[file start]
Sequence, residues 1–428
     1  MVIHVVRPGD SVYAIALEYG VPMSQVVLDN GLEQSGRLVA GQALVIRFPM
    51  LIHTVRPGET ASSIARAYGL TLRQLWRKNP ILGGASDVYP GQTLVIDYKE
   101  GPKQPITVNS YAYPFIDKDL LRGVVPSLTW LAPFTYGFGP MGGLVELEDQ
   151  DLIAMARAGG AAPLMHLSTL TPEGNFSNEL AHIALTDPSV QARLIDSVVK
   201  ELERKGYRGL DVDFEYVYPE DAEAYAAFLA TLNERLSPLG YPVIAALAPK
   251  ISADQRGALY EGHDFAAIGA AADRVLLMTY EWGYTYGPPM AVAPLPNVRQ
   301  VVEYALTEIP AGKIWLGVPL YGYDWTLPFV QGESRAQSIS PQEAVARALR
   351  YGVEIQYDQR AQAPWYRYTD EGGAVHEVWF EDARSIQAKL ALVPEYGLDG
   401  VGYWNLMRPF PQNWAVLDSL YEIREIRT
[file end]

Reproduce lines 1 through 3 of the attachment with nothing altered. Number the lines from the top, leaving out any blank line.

Sequence, residues 1–428
     1  MVIHVVRPGD SVYAIALEYG VPMSQVVLDN GLEQSGRLVA GQALVIRFPM
    51  LIHTVRPGET ASSIARAYGL TLRQLWRKNP ILGGASDVYP GQTLVIDYKE